1. Where’s the Connectivity?

11. Where’s the Connectivity?

BlackBerry smartphones succeeded, in part, because of their the connectivity options. Owners could connect to the Web via 3G on their laptops by using the BlackBerry’s tethering modem option. Plus, the device itself connected to the Web via 3G whenever folks needed to check e-mails, surf the Web, or interact with a program. But the PlayBook lacks all that. In fact, it only connects to the Web via Wi-Fi or through the 3G connection of another device. That’s not a good thing.

22. The Enterprise Was Waiting

It seems that the enterprise decided to wait and see what RIM would show off when it unveiled its tablet. And after seeing what it planned to offer, most companies realized that the iPad is the better bet. RIM should have known that it would be tested. But it failed to see that. And now it’s paying the price.

33. The Release Is Off

RIM said that it plans to release its PlayBook tablet early next year. That would be just fine if it was competing solely against Android-based tablets, which are also scheduled to hit store shelves then. But RIM is competing against the iPad. And by waiting so long to launch its device, the company is giving Apple months to appeal to enterprise customers.

44. iPad’s Multitasking

As of this writing, Apple doesn’t support multitasking in its iPad. But that update is coming to the tablet in November, according to the company. And when that happens, the device will boast the single feature that most enterprise customers have been waiting for. The PlayBook should have multitasking, as well. But by then, no one will care. Apple will have already offered such functionality for months.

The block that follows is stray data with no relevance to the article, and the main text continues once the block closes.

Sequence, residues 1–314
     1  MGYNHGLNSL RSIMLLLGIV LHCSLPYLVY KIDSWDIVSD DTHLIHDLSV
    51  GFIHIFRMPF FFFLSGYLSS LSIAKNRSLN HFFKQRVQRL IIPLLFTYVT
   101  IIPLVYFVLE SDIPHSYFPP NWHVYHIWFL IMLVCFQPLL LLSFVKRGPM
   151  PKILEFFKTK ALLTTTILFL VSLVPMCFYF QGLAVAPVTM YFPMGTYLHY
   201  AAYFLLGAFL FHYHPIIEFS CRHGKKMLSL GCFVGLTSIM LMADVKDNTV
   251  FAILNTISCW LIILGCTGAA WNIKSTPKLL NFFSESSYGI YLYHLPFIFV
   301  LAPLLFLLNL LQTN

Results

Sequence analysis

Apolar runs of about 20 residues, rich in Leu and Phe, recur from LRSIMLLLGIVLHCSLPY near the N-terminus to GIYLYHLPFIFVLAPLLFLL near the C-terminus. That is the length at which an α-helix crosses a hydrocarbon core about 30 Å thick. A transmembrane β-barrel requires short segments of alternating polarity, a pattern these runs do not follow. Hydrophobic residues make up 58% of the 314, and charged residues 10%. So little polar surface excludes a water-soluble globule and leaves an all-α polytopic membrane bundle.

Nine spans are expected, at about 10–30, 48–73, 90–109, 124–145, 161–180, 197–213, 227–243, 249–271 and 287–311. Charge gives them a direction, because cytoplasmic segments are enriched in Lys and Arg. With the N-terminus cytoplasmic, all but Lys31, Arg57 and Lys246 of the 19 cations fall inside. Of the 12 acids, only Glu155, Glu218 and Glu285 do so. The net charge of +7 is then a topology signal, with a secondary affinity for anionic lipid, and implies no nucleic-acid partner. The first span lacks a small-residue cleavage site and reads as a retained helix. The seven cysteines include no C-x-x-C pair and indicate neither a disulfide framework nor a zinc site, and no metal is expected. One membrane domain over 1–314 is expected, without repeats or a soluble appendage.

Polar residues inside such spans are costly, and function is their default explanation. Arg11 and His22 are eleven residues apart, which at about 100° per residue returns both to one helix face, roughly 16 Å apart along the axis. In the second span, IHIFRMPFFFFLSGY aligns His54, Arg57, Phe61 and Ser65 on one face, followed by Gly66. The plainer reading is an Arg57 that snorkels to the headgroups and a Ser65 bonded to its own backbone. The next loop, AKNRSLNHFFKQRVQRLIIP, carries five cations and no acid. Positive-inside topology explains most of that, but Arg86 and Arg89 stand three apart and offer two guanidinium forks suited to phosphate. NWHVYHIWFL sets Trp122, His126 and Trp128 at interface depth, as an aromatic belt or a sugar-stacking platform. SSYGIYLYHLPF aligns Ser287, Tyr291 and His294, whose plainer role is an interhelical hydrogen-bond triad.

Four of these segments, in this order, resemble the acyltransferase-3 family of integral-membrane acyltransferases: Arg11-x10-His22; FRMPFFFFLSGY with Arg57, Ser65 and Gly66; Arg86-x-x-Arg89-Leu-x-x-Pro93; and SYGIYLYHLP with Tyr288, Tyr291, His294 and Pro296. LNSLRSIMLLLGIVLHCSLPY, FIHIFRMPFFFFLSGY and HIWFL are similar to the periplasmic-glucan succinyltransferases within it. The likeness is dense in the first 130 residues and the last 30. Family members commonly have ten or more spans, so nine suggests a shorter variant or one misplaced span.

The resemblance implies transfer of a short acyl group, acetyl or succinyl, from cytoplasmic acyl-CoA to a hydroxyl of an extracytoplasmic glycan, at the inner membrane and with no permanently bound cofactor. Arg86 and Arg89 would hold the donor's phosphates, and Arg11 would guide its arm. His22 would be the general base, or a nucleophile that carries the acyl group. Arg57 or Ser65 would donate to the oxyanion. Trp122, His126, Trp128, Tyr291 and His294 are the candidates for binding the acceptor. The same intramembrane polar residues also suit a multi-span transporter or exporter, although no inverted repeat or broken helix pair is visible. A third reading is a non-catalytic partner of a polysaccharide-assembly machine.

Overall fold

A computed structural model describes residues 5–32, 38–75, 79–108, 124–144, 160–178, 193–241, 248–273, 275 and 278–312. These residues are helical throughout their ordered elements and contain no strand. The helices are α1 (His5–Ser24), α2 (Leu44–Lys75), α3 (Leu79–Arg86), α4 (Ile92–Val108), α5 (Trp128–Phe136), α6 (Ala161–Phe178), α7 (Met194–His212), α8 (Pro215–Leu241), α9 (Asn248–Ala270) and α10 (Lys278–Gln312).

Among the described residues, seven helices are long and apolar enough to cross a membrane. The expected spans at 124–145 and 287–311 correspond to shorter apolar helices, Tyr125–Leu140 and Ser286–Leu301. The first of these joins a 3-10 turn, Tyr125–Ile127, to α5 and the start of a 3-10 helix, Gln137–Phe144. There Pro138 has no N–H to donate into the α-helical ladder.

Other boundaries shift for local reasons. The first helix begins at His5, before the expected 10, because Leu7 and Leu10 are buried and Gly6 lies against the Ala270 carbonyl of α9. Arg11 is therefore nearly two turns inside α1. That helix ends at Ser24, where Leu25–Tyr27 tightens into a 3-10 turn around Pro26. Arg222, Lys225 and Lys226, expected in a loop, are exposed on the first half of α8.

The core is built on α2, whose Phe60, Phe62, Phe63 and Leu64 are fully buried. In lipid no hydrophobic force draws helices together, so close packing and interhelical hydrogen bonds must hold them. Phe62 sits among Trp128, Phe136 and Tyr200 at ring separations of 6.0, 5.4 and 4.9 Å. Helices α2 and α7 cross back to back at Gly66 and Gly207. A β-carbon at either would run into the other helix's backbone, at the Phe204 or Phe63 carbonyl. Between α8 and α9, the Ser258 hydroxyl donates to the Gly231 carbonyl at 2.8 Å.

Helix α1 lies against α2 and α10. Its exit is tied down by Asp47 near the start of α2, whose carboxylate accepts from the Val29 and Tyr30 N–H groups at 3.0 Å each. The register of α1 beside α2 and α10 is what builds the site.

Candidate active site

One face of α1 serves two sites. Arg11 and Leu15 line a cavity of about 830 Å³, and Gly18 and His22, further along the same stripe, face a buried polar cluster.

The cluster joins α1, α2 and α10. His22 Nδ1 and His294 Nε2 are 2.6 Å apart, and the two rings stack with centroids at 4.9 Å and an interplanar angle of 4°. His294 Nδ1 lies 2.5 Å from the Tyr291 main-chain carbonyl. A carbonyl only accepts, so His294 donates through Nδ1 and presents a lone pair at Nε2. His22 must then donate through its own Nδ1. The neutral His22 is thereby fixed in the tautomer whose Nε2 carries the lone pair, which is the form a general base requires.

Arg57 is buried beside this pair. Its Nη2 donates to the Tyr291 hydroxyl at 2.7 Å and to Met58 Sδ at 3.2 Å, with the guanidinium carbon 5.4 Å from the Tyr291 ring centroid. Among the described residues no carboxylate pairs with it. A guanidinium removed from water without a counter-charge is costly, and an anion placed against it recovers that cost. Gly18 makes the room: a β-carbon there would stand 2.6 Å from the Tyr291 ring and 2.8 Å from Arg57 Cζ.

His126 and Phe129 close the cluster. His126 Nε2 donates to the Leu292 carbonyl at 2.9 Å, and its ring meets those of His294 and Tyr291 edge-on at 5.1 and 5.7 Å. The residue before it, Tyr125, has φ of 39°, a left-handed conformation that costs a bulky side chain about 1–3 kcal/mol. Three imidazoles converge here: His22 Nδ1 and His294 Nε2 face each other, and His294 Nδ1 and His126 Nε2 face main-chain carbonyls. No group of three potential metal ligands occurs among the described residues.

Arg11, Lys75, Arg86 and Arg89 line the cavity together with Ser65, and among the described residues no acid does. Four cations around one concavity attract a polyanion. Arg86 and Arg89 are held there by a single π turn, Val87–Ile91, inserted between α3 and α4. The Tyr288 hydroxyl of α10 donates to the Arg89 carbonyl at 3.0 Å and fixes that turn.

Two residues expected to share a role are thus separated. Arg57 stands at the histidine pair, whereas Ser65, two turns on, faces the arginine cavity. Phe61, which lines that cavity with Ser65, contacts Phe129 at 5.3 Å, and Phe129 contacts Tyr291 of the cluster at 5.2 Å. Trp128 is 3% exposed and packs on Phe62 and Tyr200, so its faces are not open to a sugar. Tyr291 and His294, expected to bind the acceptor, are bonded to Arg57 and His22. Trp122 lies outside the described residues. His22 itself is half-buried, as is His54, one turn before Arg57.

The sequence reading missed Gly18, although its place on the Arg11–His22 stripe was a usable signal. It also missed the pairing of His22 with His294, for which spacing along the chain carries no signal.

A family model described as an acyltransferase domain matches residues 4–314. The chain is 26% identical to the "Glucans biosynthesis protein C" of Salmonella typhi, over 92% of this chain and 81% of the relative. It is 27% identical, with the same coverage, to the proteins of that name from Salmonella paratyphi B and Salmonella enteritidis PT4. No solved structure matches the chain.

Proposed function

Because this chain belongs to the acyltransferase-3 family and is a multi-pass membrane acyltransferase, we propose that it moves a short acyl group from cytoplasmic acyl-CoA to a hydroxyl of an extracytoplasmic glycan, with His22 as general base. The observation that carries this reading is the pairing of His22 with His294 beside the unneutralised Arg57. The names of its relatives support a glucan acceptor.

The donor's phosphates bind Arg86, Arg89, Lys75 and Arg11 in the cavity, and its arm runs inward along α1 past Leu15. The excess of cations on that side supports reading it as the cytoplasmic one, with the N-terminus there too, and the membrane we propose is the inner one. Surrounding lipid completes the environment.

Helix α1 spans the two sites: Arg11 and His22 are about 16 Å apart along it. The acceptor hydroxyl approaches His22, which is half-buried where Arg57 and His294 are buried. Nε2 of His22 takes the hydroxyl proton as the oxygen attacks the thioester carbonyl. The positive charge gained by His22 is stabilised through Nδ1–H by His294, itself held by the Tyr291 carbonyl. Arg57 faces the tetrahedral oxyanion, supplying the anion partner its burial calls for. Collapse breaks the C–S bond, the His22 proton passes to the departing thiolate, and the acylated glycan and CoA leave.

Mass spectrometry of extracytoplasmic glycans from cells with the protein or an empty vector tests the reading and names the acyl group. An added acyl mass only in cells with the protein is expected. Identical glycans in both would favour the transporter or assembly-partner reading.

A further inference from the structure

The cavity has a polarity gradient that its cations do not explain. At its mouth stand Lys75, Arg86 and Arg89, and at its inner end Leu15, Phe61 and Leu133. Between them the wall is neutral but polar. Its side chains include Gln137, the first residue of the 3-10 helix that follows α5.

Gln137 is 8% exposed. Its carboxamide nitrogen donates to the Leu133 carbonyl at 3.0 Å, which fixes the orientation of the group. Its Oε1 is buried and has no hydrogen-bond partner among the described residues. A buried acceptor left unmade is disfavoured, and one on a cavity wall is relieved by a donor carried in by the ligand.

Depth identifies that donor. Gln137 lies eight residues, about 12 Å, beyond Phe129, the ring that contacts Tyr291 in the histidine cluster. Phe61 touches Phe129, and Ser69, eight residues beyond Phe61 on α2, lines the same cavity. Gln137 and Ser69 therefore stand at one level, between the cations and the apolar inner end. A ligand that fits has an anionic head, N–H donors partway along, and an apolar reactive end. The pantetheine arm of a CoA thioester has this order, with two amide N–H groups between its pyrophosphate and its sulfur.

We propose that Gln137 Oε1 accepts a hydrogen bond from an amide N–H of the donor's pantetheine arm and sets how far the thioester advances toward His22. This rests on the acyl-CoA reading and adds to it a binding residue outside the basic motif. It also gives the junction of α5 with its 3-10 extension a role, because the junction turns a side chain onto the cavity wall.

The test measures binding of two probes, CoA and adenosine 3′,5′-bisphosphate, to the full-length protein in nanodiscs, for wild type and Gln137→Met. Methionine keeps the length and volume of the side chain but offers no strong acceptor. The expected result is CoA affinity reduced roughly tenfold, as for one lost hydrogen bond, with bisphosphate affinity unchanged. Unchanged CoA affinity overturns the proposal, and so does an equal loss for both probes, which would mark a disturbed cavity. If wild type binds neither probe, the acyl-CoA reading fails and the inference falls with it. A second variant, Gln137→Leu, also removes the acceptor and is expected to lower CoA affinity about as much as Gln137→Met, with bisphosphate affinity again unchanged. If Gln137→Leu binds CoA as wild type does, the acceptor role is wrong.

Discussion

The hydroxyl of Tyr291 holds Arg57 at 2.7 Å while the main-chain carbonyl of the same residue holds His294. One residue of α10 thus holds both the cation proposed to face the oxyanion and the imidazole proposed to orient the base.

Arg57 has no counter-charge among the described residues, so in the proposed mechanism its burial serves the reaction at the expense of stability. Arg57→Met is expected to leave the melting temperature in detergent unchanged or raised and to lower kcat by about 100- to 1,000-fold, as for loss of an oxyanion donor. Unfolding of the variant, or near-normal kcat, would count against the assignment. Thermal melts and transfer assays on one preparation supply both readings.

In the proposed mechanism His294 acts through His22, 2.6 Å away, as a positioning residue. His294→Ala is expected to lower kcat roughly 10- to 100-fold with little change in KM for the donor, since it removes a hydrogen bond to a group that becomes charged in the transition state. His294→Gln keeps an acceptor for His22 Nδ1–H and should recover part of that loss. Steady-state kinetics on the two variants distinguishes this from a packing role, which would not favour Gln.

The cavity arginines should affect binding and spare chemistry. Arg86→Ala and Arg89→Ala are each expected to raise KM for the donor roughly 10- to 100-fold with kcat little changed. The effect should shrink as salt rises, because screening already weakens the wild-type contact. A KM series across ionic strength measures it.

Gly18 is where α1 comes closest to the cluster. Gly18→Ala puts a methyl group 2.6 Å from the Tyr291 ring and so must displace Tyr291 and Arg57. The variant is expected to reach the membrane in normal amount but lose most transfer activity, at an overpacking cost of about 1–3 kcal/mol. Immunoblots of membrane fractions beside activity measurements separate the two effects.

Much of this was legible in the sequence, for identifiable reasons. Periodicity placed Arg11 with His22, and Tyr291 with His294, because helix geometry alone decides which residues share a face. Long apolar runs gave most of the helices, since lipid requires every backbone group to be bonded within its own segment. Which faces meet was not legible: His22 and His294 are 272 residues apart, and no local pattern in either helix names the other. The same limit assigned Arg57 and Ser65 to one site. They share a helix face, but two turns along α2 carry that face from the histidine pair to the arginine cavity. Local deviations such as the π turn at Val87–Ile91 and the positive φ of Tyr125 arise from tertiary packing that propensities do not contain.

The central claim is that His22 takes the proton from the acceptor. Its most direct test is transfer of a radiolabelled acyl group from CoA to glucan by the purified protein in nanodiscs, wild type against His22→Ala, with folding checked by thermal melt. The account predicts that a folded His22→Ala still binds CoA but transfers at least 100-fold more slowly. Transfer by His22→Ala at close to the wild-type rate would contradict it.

55. The iPad Has 3G

As mentioned, RIM’s PlayBook lacks 3G connectivity. That’s a major issue standing in the way of broad enterprise adoption. But Apple’s iPad supports 3G networking. That alone makes it a far more viable product to enterprise customers.

66. The iPad Has the Apps

RIM says that it will work with developers to bring applications to the PlayBook. But given the company’s track record with mobile developers, it’s clear that the company will need to drastically change its ways to make the marketplace appealing to enterprise customers. Apple’s iPad, on the other hand, boasts a robust App Store that features useful enterprise apps already.

77. RIM’s Seeming Consumer Focus

When RIM announced the PlayBook, the company seemed to miss the mark in its advertising. The video that launched the device showed consumer-focused features interspersed with enterprise elements. It didn’t provide a clear picture to companies. And that could be enough to push many firms to Apple’s iPad instead of RIM’s Playbook.

88. It’s Not BlackBerry OS

Companies have become comfortable with BlackBerry OS. That’s precisely why they keep RIM’s smartphones in their operations. But with the PlayBook, RIM has decided to go with a new operating system. That’s a mistake. After all, given the benefits the iPad provides over the PlayBook, and considering companies would need to teach employees about a new operating system with either tablet choice, why not choose the iPad? Most firms are seeing it as the better choice.

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9. RIM Is Still A Smartphone Company

RIM is making it clear every step of the way that it’s still a smartphone company. And it seems to be offering tablets for the sole purpose of following Apple’s lead. It’s half-finished PlayBook tablet seems to be proof of that. But it’s unfortunate. And it makes enterprise customers realize that RIM isn’t doing what it should to make its PlayBook relevant.

1010. The Talking Has Stopped

RIM has made a huge mistake by not focusing on improving its marketing since the announcement of the PlayBook. In fact, little has been heard from RIM about its PlayBook since it initially launched the tablet. That’s a mistake. And it is only driving enterprise customers to the iPad. After all, if folks don’t hear about the PlayBook, what would make them want to buy it?

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